Let me introduce myself. My name is Mark Sisson. I’m 63 years young. I live and work in Malibu, California. In a past life I was a professional marathoner and triathlete. Now my life goal is to help 100 million people get healthy. I started this blog in 2006 to empower people to take full responsibility for their own health and enjoyment of life by investigating, discussing, and critically rethinking everything we’ve assumed to be true about health and wellness...Tell Me More
Hey-o, Worker Bee here. There’s been recent talk about how to render bacon fat, so with that in mind I’ve put together a how-to photo blog, as well as a follow-up recipe for how to put that leftover fat to good use.
Rendering bacon fat is as easy firing up a skillet and cooking bacon like you normally would. Place a few pieces of thick, nitrate-free, uncured strips on the surface of a cast-iron skillet and cook until crispy. Once bacon is done, remove it and place it aside.
If you’re not planning to eat the bacon by itself, though, and are just cooking it for its fat, there is a more strategic method. Freeze the strips for 10-15 minutes prior to cooking, then cut the bacon into small bits. While the pieces cook, the increased surface area helps to render the fat more fully (which just means less of the fat stays on the bacon itself), and the bacon pieces come out much leaner. (You can then add these crispy bits to salads or side dishes for a delicious flavor.)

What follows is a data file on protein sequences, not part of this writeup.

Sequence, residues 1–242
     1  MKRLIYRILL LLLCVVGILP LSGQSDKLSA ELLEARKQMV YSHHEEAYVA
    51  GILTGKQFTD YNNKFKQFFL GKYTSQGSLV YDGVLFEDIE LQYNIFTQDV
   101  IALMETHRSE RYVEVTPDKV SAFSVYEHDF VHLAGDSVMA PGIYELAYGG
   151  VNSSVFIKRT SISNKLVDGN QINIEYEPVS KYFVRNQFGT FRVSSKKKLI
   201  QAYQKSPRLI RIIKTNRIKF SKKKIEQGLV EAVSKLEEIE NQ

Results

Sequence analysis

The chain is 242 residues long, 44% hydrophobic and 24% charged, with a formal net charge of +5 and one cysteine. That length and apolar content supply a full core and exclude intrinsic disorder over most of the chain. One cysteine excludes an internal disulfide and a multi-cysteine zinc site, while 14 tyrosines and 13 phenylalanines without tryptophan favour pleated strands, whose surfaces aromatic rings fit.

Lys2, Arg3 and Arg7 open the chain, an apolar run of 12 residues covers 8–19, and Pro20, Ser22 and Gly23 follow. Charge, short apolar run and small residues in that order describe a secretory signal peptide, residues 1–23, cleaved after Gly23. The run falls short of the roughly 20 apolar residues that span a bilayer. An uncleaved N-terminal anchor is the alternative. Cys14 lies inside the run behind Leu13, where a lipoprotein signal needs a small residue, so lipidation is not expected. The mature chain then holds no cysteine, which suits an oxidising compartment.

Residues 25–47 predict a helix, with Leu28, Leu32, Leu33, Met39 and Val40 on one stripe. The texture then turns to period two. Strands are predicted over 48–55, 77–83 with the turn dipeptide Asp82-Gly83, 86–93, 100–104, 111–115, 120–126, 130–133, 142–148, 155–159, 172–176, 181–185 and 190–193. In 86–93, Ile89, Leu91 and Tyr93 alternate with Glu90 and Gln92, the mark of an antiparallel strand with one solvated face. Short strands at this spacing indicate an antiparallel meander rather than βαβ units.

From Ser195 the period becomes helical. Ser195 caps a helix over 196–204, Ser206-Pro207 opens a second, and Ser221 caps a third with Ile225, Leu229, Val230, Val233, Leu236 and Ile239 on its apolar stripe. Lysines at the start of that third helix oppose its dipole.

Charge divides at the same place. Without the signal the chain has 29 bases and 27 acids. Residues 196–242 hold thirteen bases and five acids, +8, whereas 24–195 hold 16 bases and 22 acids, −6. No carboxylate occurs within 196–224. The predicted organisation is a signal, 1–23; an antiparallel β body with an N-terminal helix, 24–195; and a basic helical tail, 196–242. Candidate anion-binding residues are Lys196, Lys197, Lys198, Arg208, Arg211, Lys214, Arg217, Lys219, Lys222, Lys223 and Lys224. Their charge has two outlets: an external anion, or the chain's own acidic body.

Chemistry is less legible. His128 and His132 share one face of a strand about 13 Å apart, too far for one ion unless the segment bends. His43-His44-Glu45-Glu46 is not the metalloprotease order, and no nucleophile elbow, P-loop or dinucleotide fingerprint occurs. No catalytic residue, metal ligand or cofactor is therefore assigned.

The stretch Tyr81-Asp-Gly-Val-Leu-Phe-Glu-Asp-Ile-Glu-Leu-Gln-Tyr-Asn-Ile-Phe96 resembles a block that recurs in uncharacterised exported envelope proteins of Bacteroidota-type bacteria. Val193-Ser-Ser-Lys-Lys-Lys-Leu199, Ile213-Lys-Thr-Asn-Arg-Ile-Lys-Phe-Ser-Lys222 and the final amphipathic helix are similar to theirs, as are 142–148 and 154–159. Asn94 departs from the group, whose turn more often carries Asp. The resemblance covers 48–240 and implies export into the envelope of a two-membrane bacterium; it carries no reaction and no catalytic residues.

Whatever you decide to do with the bacon, the drippings are what we’re after. Pour or spoon the fat from the skillet (carefully!) into a can, shallow bowl or wide-mouth glass jar, like the one pictured. If you don’t refrigerate the fat right away, it will be OK but will take longer to solidify.
As far as safety goes, grandmas the world over will tell you that they’ve kept their bacon fat in a coffee can next to their stove for extended periods of time without any ill effects, but I like to keep mine in the fridge. Even when I’ve filtered the fat and am sure there is no residual meat in the container that can easily go rancid I still hedge my bets and throw it in the fridge. Fats are pretty obvious about their expiration, so if it airs of badness, don’t hesitate to discard the batch and start over.
Speaking of grandmothers, I remember when mine use to scoop out a healthy amount to fry her eggs every Sunday morning. Those eggs were so good, and I promise, so is the omelet recipe I share below. It?s a step up from the same old hum-drum mushroom-spinach fusion we?re used to.
I decided to attempt to utilize own of my favorite vegetables for this recipe: fennel. I was hoping to encourage more variety with this delicious vegetable than the obvious, which is to grill it or sauté it, and serve it on a platter (also delicious). Cooking fennel in bacon fat was another twist. The fat added a delicious savory taste that olive oil or even butter just can?t. Dill was a wonderful component too, which should be used liberally in this recipe.
1 tsp bacon fat
½ fennel bulb, cut into chunks
2-4 teaspoons fresh dill
Heat a cast iron skillet on medium heat and add a small scoop of (now cooled and solidified) bacon fat (about 1 tsp). When skillet surface is hot, add the sliced fennel and dill, and cover. Cook fennel and dill in bacon fat until fennel is soft, about 3-5 minutes.
In a small bowl, beat eggs until fluffy and pour into the skillet over the fennel, making sure to quickly spread the fennel throughout the egg before it becomes firm. Lift edges occasionally with a spatula to see when other side looks cooked. Flip, cook until at desired consistency (runny vs. not runny at all) and serve. Add capers and fresh dill for garnish. Makes one omelet big enough for two.